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    Mycobacterium tuberculosis (M.tb) effectively manipulates the host processes to establish the deadly respiratory disease, Tuberculosis (TB). M.tb has developed key mechanisms to disrupt the host cell health to combat immune responses and replicate efficaciously. M.tb antigens such as ESAT-6, 19kDa lipoprotein, Hip1, and Hsp70 destroy the integrity of cell organelles (Mitochondria, Endoplasmic Reticulum, Nucleus, Phagosomes) or delay innate/adaptive cell responses. This is followed by the induction of cellular stress responses in the host. Such cells can either undergo various cell death processes such as apoptosis or necrosis, or mount effective immune responses to clear the invading pathogen. Further, to combat the infection progression, the host secretes extracellular vesicles such as exosomes to initiate immune signaling. The exosomes can contain M.tb as well as host cell-derived peptides that can act as a double-edged sword in the immune signaling event. The host-symbiont microbiota produces various metabolites that are beneficial for maintaining healthy tissue microenvironment. In juxtaposition to the above-mentioned mechanisms, M.tb dysregulates the gut and respiratory microbiome to support its replication and dissemination process. The above-mentioned interconnected host cellular processes of Immunometabolism, Cellular stress, Host Microbiome, and Extracellular vesicles are less explored in the realm of exploration of novel Host-directed therapies for TB. Therefore, this review highlights the intertwined host cellular processes to control M.tb survival and showcases the important factors that can be targeted for designing efficacious therapy

    Cytotoxic and genotoxic assessment of wastewater on HEK293 cell line

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    558-564The increasing industrialisation and urbanisation have deteriorated the quality and quantity of water bodies, harming the surrounding flora and fauna. Therefore, in our studies, we have chosen the HEK293 cell line to examine further the level of wastewater toxicity to which living beings are exposed. The water samples were collected from various sites around the Agra Canal in the Faridabad region of Haryana. Furthermore, cytotoxicity and genotoxicity confirmation of wastewater samples were done by MTT and comet assay, respectively. The water quality of the Agra canal is heavily influenced by agricultural, domestic, and industrial waste, which may affect the genetic material of species exposed to contaminated water and the sustainability of the local environment. As a result, continuous environmental monitoring and proper policy formulation are required to minimise the adverse effects of pollutants in waste, which would further enrich India’s preparation to take India a step ahead, and that could be the best possible way to commemorate India’s 75th year of Independence with the Azadi Ka Amrit Mahotsav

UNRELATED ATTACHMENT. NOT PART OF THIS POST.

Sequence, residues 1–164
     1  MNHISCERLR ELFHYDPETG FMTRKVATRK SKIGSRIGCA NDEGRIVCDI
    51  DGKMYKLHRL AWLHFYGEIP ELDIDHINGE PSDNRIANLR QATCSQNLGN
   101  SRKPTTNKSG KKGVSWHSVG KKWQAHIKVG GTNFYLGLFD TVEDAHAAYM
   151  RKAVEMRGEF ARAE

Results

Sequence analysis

Current Understanding to Accelerate Wound Healing: Mechanism and Clinical Importance

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    Wound mending is a complex organic cycle that brings about the reclamation of tissue honesty. Physiologically, it very well may be separated into four particular periods of hemostasis, inflammation, proliferation, and tissue remodeling (redesigning). This chapter portrays the cellular premise of wound mending and extracellular flagging cycles, which is responsible to control them. The capacity of fibroblasts, neutrophils, platelets, and macrophages is contemplated exhaustively. The idea of mending by essential and optional expectation is talked about. Numerous components are known to unfavorably influence mending including undernourishment, hypoxia, immunosuppression, ongoing sickness, and medical procedure. It is fundamental that specialists comprehend the key physiological cycles associated with mending to limit patient illness from postponed recuperating

    Identification of Distinct Heterogenic Subtypes and Molecular Signatures Associated with African Ancestry in Triple Negative Breast Cancer Using Quantified Genetic Ancestry Models in Admixed Race Populations

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    Triple negative breast cancers (TNBCs) are molecularly heterogeneous, and the link between their aggressiveness with African ancestry is not established. We investigated primary TNBCs for gene expression among self-reported race (SRR) groups of African American (AA, n = 42) and European American (EA, n = 33) women. RNA sequencing data were analyzed to measure changes in genome-wide expression, and we utilized logistic regressions to identify ancestry-associated gene expression signatures. Using SNVs identified from our RNA sequencing data, global ancestry was estimated. We identified 156 African ancestry-associated genes and found that, compared to SRR, quantitative genetic analysis was a more robust method to identify racial/ethnic-specific genes that were differentially expressed. A subset of African ancestry-specific genes that were upregulated in TNBCs of our AA patients were validated in TCGA data. In AA patients, there was a higher incidence of basal-like two tumors and altered TP53, NFB1, and AKT pathways. The distinct distribution of TNBC subtypes and altered oncologic pathways show that the ethnic variations in TNBCs are driven by shared genetic ancestry. Thus, to appreciate the molecular diversity of TNBCs, tumors from patients of various ancestral origins should be evaluated